Text Size

Talking to your young adult children on winter break

Many of us are expecting our young adult children home for the winter break. Yet, for some of our adult children who live out of town, this particular homecoming carries a weight of tragedy and loss that they have had to experience in isolation from their family, community and childhood friends.

Parental hopes for a happy and warm break can still be achieved if we anticipate and prepare for our children’s needs to experience and express their grief, confusion and loss in light of the Tree of Life tragedy.

Here are a few tips for thinking ahead and planning for more than just the side dishes on our holiday tables.

  • Anticipate your adult children’s needs to be with their old friends over the break. Try to be as flexible as possible with schedules so that this need for grieving and processing with their peers can happen with as little parental guilt or pressure as possible.
  • Some young adults may express anger and dismay that the community has seemingly moved on in their experience of the tragedy. The memorial outside of the Tree of Life having moved inside, or Squirrel Hill shops busily serving customers at a normal pace, may seem callous to individuals who have been waiting to grieve until they came home.
  • Wanting things to ‘stay the same’ in the wake of a tragedy may result in annoyance at even small changes. Your young adult is at the stage in life where their expectation is that life at home stays the same – a safe base of normalcy and familiarity. The Tree of Life tragedy may have upended this feeling of safety for them resulting in more dependence on routine and tradition.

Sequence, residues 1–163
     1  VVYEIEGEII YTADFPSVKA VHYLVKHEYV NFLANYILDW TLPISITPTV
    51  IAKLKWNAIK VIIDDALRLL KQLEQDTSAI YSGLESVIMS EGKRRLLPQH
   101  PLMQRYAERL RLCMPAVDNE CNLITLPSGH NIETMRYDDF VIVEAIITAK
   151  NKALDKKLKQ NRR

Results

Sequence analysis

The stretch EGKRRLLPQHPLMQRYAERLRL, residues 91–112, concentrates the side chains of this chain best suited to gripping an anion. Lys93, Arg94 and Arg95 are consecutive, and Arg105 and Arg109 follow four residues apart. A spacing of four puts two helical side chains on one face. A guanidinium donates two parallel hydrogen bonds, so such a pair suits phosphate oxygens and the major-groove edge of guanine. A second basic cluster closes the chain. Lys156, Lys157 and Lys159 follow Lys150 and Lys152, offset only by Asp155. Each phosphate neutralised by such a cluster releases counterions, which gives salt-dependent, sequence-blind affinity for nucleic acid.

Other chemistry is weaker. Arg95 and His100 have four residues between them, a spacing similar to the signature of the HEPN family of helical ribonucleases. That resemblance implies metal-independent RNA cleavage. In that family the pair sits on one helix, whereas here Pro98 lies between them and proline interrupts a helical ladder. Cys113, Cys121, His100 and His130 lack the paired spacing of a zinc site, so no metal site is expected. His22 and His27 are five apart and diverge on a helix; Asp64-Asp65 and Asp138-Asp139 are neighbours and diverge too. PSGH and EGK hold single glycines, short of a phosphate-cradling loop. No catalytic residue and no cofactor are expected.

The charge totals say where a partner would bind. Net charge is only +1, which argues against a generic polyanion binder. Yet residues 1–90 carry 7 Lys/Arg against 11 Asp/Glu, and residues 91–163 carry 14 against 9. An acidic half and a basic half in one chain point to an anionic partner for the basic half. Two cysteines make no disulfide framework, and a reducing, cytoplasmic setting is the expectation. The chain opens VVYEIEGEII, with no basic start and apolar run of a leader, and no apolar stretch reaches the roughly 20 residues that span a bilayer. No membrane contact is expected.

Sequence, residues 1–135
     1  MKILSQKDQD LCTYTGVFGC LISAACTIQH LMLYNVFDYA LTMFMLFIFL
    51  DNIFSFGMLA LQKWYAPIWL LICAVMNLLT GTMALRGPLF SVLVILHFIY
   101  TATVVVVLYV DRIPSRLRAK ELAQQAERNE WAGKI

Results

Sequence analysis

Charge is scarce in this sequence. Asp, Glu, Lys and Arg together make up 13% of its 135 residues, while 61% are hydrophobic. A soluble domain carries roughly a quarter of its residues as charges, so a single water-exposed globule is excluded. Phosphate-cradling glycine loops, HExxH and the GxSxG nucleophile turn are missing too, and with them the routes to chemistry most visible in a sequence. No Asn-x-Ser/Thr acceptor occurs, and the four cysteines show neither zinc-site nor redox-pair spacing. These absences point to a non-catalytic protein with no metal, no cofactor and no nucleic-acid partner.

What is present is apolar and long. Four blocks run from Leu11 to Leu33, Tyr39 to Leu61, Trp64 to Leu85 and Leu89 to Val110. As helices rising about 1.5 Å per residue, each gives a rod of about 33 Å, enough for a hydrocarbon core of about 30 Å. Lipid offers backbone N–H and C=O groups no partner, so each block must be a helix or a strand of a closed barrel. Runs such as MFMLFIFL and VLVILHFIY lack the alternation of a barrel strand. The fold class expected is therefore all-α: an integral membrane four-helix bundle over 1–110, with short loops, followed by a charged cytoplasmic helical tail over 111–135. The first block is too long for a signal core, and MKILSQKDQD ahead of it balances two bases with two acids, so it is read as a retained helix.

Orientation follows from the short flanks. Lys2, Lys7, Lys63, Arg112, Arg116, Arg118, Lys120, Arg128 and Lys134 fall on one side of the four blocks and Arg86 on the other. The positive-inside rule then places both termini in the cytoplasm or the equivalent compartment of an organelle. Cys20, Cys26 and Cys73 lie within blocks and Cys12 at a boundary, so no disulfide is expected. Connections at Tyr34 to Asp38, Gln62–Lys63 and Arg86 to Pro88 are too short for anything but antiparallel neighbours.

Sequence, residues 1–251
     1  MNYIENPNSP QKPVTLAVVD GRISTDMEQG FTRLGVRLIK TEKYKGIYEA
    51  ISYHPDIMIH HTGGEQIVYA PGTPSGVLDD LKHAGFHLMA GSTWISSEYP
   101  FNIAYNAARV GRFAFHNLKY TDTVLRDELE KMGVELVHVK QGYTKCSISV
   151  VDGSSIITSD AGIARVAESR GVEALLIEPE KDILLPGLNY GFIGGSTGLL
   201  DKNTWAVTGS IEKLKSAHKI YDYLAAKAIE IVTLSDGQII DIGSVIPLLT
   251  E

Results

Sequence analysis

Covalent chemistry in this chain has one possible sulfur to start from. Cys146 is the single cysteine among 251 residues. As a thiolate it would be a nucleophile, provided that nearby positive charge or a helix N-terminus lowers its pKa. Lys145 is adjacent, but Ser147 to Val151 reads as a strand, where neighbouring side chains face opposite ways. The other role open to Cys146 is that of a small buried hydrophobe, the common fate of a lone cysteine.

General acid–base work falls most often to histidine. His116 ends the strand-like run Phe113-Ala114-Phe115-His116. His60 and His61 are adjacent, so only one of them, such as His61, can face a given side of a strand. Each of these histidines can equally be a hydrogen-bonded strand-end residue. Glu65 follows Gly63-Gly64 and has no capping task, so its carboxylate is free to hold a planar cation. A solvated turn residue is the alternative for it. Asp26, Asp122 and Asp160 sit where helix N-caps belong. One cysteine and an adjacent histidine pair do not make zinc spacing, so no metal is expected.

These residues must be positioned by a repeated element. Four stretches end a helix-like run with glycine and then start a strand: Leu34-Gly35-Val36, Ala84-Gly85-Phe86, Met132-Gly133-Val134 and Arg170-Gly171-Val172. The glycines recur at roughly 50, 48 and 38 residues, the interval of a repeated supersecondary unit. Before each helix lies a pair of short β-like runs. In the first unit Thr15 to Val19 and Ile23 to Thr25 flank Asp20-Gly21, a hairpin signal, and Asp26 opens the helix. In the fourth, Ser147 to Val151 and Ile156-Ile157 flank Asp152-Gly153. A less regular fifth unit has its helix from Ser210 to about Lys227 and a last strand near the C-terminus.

• Try to listen with as little advice or judgement as possible as your young adult processes their feelings. There is no right or wrong way to experience grief and loss. Accept what they say and reassure them that you are there for them through whatever they are experiencing.
  • We also can’t assume that your young adult will want to talk or grieve with you. They may appear disconnected or absorbed in their own lives and concerns. Try not to judge this as callous or unfeeling. The waves of grief come and go – and distraction is a useful way of dealing with strong emotions. Try to accept wherever they are emotionally as their process – and right for them.

If you are seeing unusual signs of upset, we want you to know there are ways to reach out for help. If your loved one is not sleeping, reacting in unusual ways (more irritable, angry, crying and sad, nervous/jumpy) than usual, abusing substances or themselves, we suggest you offer them the following opportunities to get help.

  • Support Groups for young adults at The Center for Victims:
    • December 26 at 3 PM, January 3 at 7 PM at the Center for Victims for college students who are members of one of the 3 congregations. Register with Ellie at 412-422-7200.
    • January 7 at 7 PM at the Center for Victims for all college students (beyond the 3 congregations). Register with Ellie at 412-422-7200.
  • Counseling Services at JFCS as well as at the Center for Victims can be arranged by calling either organization or once again, calling Ellie at 412-422-7200, for a brief assessment of need and appropriate connection with a counselor.
  • Hotline Services can be reached by calling either the Pittsburgh Rape Crisis center’s “warm-line” to speak to a helpline counselor day or night 24/7 (1-866-363-7273 – when prompted press 2) or the Center for Victims 24 hour crisis hotline at 1-866-644-2882.

Whatever you experience with your young adults’ homecoming in the next few weeks, remember that the strength found in family and loved ones is a source of real healing for all of us. Patience, as well as grace and forgiveness for ourselves and one another, will definitely be the important ingredients in all our preparations for a healthy and happy new year.